10. You can't make this stuff up, and I didn't. From the Chicago Tribune: "A shipment of 18 human heads stopped by customs officials at O'Hare International Airport was sent here from Rome to be cremated after being used in medical research, officials said today. Customs held up the shipment in late December because accompanying paperwork was incomplete, according to Mary Paleologos, a spokeswoman for the Cook County medical examiner's office."

11. "Data retrieved at the end of October, 2012, revealed that one-third of activewear sales are intended for casual or everyday use, while only 19 per cent is for sports or exercise," The NPD Group said this week.

Required reading
The Detroit Three auto makers, which downsized dramatically by closing dozens of factories during the 1990s and 2000s, are almost reaching the point where they need to open new vehicle assembly plants, Greg Keenan reports.

Harry Winston Diamond Corp. is selling its storied luxury retail unit to Switzerland's Swatch Group Ltd., leaving the company to focus squarely on the business of mining after eight years as a high-end jeweller. Pav Jordan and Bertrand Marotte report.

Shawn McCarthy reports on how the changing economics of energy are forcing a low-tech sector to develop high-tech answers.

Germany has shut down speculation that it could sell part of its massive gold holdings, announcing plans to repatriate 674 tonnes of bullion held in foreign vaults since the Cold War to protect it from potential invaders. Pav Jordan reports.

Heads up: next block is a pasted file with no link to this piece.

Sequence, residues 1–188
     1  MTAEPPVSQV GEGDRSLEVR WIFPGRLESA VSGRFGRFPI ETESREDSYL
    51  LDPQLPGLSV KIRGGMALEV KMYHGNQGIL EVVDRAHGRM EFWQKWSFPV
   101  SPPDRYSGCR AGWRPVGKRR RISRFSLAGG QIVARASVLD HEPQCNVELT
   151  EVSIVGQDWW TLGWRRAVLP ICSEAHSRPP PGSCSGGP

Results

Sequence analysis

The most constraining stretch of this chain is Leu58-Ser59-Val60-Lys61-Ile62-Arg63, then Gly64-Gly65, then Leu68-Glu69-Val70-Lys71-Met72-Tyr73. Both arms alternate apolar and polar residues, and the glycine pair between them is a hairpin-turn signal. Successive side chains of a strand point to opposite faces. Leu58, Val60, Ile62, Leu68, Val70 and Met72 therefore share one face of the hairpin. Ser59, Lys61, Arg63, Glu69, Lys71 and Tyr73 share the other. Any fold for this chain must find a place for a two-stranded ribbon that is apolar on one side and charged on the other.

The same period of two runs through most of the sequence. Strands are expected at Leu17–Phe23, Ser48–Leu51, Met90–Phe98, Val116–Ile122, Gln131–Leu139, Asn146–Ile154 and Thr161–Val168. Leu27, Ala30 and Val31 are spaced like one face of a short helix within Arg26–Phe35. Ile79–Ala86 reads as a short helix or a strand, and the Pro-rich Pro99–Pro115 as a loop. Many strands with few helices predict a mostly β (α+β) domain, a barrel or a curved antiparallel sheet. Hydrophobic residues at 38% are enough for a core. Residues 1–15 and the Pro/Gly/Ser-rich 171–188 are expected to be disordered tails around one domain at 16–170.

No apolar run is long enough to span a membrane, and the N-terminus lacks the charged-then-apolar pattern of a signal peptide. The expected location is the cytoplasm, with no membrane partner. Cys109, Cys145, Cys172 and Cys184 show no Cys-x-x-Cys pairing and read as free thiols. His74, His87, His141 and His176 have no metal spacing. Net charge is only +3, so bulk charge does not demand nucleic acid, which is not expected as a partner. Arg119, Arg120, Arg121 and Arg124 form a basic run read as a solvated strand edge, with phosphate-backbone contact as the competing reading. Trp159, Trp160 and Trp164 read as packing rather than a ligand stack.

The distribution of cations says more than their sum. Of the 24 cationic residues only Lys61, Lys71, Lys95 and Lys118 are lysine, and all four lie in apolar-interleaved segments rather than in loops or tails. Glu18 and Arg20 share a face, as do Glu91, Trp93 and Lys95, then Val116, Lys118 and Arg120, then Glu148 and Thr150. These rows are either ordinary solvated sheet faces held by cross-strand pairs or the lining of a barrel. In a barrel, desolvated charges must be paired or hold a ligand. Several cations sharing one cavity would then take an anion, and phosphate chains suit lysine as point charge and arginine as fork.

The grounding of Boeing Co.'s 787s around the world has prompted questions about the aircraft's lithium ion batteries, but also over how modern planes have become vast assemblies of outsourced components and operating systems, Guy Dixon writes.

What to watch for next week
The big event will be Wednesday's policy announcement by the Bank of Canada and the unveiling of its monetary policy report, which, for the first time, will be released at the same time.

The central bank won't change interest rates, of course, and isn't expected to change its signal either. That currently points to the next move in the benchmark overnight rate being up, not down, from its current 1 per cent.

Governor Mark Carney and his colleague's on the Bank of Canada's policy panel may also trim their near-term outlook for economic growth.

"The Canadian economy struggled through the second half of last year, and it looks as though real GDP growth would do well to come in north of 1 per cent in Q4, following the prior quarter's 0.6-per-cent print," said senior economist Benjamin Reitzes of BMO Nesbitt Burns.

"The softness will prompt the Bank of Canada to downgrade its growth forecast likely through to the current quarter. Expect some upgrades to late-2013 or early-2014 projections to provide some offset, but the closing of the output gap will probably be pushed into 2014."

There will also be an interesting two-day meeting of the Bank of Japan, which releases its decision Tuesday and is under intense pressure from a new government to do more to juice the economy.

"It is widely expected to result in further policy easing," said Derek Holt of Bank of Nova Scotia.

"Governor [Masaaki] Shirakawa's term is up in April and Prime Minister Shinzo Abe has been pressuring the BoJ to raise its inflation target to 2 per cent from 1 per cent. If Shirakawa doesn't deliver, his government-appointed successor likely will."

For investors, several major companies will report quarterly results, including Apple Inc., Google Inc., Microsoft Corp., Canadian National Railway Co., McDonald's Corp., Johnson & Johnson and Celestica Inc.